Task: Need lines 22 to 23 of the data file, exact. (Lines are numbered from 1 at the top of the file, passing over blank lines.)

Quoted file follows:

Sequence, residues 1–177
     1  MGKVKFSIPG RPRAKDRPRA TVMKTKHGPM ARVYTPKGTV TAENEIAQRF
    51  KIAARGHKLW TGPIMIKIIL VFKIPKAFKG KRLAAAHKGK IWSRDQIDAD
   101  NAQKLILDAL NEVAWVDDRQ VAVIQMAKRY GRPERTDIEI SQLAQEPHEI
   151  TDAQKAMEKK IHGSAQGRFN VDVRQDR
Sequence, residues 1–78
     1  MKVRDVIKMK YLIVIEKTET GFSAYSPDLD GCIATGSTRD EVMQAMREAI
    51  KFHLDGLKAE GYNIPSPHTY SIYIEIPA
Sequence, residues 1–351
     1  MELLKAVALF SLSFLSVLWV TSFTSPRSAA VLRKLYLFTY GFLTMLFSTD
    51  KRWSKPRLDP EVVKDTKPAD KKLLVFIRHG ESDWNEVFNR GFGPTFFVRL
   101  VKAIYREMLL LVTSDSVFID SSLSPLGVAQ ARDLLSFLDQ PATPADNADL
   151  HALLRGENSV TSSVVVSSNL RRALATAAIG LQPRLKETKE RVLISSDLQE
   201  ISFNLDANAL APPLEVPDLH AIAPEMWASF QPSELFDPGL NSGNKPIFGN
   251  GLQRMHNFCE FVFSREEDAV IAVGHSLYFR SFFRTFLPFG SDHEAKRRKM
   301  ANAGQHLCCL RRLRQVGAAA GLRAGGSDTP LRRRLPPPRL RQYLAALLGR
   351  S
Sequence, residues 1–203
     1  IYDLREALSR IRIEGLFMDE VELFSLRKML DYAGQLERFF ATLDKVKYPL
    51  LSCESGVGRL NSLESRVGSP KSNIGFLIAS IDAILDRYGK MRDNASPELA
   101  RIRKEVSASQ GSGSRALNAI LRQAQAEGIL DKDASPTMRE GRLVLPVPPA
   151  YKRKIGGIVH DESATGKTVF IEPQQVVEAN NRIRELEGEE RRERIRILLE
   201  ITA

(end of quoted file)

   151  YKRKIGGIVH DESATGKTVF IEPQQVVEAN NRIRELEGEE RRERIRILLE
   201  ITA